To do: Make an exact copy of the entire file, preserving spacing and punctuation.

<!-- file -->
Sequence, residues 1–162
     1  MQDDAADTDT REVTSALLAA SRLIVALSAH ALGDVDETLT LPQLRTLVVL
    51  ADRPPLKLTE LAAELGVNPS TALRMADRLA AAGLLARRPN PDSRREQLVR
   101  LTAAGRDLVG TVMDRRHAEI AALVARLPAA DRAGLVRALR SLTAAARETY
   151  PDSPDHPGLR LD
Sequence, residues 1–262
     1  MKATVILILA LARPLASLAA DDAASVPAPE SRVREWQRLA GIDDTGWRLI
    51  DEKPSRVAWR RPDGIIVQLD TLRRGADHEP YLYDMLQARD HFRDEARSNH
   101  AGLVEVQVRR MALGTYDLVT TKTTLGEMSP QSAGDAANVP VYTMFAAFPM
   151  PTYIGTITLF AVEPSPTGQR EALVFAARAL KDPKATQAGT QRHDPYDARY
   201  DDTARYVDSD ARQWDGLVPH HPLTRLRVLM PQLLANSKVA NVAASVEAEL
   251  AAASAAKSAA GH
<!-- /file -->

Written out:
Sequence, residues 1–162
     1  MQDDAADTDT REVTSALLAA SRLIVALSAH ALGDVDETLT LPQLRTLVVL
    51  ADRPPLKLTE LAAELGVNPS TALRMADRLA AAGLLARRPN PDSRREQLVR
   101  LTAAGRDLVG TVMDRRHAEI AALVARLPAA DRAGLVRALR SLTAAARETY
   151  PDSPDHPGLR LD
Sequence, residues 1–262
     1  MKATVILILA LARPLASLAA DDAASVPAPE SRVREWQRLA GIDDTGWRLI
    51  DEKPSRVAWR RPDGIIVQLD TLRRGADHEP YLYDMLQARD HFRDEARSNH
   101  AGLVEVQVRR MALGTYDLVT TKTTLGEMSP QSAGDAANVP VYTMFAAFPM
   151  PTYIGTITLF AVEPSPTGQR EALVFAARAL KDPKATQAGT QRHDPYDARY
   201  DDTARYVDSD ARQWDGLVPH HPLTRLRVLM PQLLANSKVA NVAASVEAEL
   251  AAASAAKSAA GH